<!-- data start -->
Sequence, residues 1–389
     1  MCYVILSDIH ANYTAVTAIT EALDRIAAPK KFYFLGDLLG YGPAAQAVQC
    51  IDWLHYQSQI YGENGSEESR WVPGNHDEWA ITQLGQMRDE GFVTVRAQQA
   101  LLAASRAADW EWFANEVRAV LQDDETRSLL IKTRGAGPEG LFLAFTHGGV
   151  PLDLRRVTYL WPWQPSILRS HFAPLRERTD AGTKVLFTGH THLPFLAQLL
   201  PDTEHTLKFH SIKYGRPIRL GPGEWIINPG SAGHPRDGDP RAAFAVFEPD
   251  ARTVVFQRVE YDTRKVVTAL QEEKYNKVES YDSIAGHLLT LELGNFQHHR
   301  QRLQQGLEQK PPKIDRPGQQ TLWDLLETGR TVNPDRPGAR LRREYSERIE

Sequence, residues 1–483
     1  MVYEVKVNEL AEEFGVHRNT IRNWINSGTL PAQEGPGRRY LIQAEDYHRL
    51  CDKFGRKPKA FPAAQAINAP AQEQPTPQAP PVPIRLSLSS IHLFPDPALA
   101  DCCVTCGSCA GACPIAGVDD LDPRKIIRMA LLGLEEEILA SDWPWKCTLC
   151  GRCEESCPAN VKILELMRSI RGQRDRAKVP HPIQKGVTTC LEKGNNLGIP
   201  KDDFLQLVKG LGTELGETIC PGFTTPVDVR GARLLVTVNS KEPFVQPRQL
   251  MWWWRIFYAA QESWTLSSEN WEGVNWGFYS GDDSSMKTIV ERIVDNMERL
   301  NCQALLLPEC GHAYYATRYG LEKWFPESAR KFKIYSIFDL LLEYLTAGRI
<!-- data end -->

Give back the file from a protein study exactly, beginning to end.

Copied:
Sequence, residues 1–389
     1  MCYVILSDIH ANYTAVTAIT EALDRIAAPK KFYFLGDLLG YGPAAQAVQC
    51  IDWLHYQSQI YGENGSEESR WVPGNHDEWA ITQLGQMRDE GFVTVRAQQA
   101  LLAASRAADW EWFANEVRAV LQDDETRSLL IKTRGAGPEG LFLAFTHGGV
   151  PLDLRRVTYL WPWQPSILRS HFAPLRERTD AGTKVLFTGH THLPFLAQLL
   201  PDTEHTLKFH SIKYGRPIRL GPGEWIINPG SAGHPRDGDP RAAFAVFEPD
   251  ARTVVFQRVE YDTRKVVTAL QEEKYNKVES YDSIAGHLLT LELGNFQHHR
   301  QRLQQGLEQK PPKIDRPGQQ TLWDLLETGR TVNPDRPGAR LRREYSERIE

Sequence, residues 1–483
     1  MVYEVKVNEL AEEFGVHRNT IRNWINSGTL PAQEGPGRRY LIQAEDYHRL
    51  CDKFGRKPKA FPAAQAINAP AQEQPTPQAP PVPIRLSLSS IHLFPDPALA
   101  DCCVTCGSCA GACPIAGVDD LDPRKIIRMA LLGLEEEILA SDWPWKCTLC
   151  GRCEESCPAN VKILELMRSI RGQRDRAKVP HPIQKGVTTC LEKGNNLGIP
   201  KDDFLQLVKG LGTELGETIC PGFTTPVDVR GARLLVTVNS KEPFVQPRQL
   251  MWWWRIFYAA QESWTLSSEN WEGVNWGFYS GDDSSMKTIV ERIVDNMERL
   301  NCQALLLPEC GHAYYATRYG LEKWFPESAR KFKIYSIFDL LLEYLTAGRI